When Bharatiya Janata Party president Amit Shah moved former chief ministers Shivraj Singh Chouhan, Vasundhara Raje and Raman Singh from their respective states and appointed them party vice-presidents earlier this year, it was said the trio’s seniority and experience would come handy in the Lok Sabha elections.
But of the three former chief ministers, it is only Chouhan who is being used extensively by the party in the ongoing poll campaign. The three-term former chief minister of Madhya Pradesh is busy touring his home state to canvass support for the BJP and is also being sent to other states by the party for electioneering. The other two chief ministers are involved in the campaign but only peripherally as Raje and Raman Singh have been keeping a low profile since they were dethroned by the Congress in last year’s assembly polls.
If the party has shown a marked preference for Chouhan over his counterparts, there are compelling reasons for it. Though he is not known to be a favourite with the present BJP leadership in Delhi, the former Madhya Pradesh chief minister has his uses in these polls primarily because he has the advantage of belonging to the “right” caste.
While Raje and Raman Singh come from the upper castes, Chouhan is an OBC, which comes in handy at a time when the BJP is making concerted efforts to woo the backward classes across the Hindi heartland. In fact, the BJP’s current focus on OBCs is in line with its two-decade-old strategy to move away from being labeled a “Bania-Brahmin” party.
The BJP was persuaded by its former high-profile ideologue Govindacharya to shift gears and embrace the backward classes after the implementation of the Mandal Commission in the late eighties dramatically altered the political landscape in Northern India. The social engineering resorted to by the BJP led to the rise of several OBC leaders such as Uma Bharti, Kalyan Singh, Sushil Modi and Shivraj Singh Chouhan. Continuing in the same vein, the party was equally quick to publicise the fact that Narendra Modi is an OBC during the 2014 Lok Sabha poll campaign, a move which paid the party rich political dividends then and continues to do so even today.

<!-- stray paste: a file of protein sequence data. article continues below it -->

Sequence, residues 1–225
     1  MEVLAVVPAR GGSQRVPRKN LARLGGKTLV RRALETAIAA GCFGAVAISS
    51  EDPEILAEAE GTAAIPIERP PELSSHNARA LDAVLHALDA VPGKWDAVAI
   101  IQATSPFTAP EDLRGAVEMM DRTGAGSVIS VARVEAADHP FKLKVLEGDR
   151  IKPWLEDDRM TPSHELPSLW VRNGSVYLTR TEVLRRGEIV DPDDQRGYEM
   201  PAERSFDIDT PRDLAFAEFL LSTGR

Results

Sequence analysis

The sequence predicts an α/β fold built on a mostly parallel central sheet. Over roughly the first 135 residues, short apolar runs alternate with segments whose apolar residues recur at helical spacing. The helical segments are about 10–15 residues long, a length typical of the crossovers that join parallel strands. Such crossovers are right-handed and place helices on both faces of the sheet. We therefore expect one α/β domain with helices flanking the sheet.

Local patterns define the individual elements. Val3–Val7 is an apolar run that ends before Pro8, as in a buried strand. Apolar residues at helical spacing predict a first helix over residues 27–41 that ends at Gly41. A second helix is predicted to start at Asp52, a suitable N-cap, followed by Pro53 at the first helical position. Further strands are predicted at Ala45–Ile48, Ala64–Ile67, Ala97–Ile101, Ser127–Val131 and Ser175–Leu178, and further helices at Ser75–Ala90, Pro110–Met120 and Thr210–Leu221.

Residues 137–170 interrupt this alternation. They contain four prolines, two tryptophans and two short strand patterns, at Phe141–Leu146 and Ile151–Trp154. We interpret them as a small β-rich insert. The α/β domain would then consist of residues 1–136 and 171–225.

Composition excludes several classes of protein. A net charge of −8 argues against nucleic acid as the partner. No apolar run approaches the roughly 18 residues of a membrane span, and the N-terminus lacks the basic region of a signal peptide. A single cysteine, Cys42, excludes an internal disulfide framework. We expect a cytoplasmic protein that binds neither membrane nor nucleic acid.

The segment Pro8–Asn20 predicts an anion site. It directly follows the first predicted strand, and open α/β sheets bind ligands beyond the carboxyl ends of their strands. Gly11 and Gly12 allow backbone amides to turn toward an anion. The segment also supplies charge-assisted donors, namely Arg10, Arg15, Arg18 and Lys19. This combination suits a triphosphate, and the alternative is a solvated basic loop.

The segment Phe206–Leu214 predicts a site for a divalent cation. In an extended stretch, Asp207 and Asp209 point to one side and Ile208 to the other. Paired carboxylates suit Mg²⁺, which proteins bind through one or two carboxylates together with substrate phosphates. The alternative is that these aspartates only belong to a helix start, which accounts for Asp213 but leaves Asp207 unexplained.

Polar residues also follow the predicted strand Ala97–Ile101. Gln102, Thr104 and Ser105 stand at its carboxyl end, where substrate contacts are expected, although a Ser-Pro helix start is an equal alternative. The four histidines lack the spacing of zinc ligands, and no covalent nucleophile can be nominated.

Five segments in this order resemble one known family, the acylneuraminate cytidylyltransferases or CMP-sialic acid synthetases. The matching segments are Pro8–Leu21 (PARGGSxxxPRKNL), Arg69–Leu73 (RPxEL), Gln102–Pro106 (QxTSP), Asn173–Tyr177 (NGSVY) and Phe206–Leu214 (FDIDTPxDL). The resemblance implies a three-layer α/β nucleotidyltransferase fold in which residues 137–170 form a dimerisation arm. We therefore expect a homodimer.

Persisting with the OBC card, the BJP made a conscious play for the non-Yadav backward classes in the 2017 assembly elections in Uttar Pradesh by giving a large chunk of tickets to these castes and also accommodating them in positions of power. Having swept the politically important Hindi heartland state, the party is once again depending on the backing of these castes in the ongoing Lok Sabha poll not just in Uttar Pradesh but across Northern India. Given this backdrop, the BJP needs to flaunt its pantheon of backward leaders, which includes Chouhan.
Not only has Chouhan emerged as a credible leader in his own right, he is perhaps among the few chief ministers who has not lost his personal popularity despite being defeated in the recent elections. On the contrary, it is to his credit that the BJP came close to retaining Madhya Pradesh for the fourth time. Though denied any position in the state unit, Chouhan is the BJP’s only mass leader in Madhya Pradesh today. There are reasons to believe that Chouhan will play a key role if the BJP leadership decides to dislodge the Kamal Nath government if the party comes back to power at the Centre.
In contrast to Chouhan, the BJP’s losses in both Rajasthan and Chhattisgarh are being viewed as a personal defeat for Raje and Raman Singh. Raje had become the direct target of attack by the Rajasthan electorate who felt she was inaccessible, arrogant and had failed to deliver on her promises. “Vasundhara teri khair nahin, Modi tujse se vair nahin,” was the common refrain heard in the assembly election. The BJP cannot take the risk of over-exposing Raje so soon after the assembly poll as it has the potential of jogging people’s memories about her rule and this could spell trouble for the party in the Lok Sabha election.
Though he has the distinction of being the longest-serving chief minister of Chhattisgarh, the low-key and once hugely popular Raman Singh took the brunt of people’s ire in last year’s assembly polls. The former chief minister was brought down by a host of reasons: agrarian distress, people’s fatigue, corruption charges, overlooking the interests of the backward classes and personal allegations of promoting a coterie. It will take a long time for him to recover from the party’s humiliating electoral defeat. At a time when the BJP is going in for a complete overhaul in Chhattisgarh — beginning by replacing all its sitting MPs with fresh faces — Raman Singh will have to wait his turn in the wings before returning to the political centerstage.
(The author is a senior journalist. Views are personal)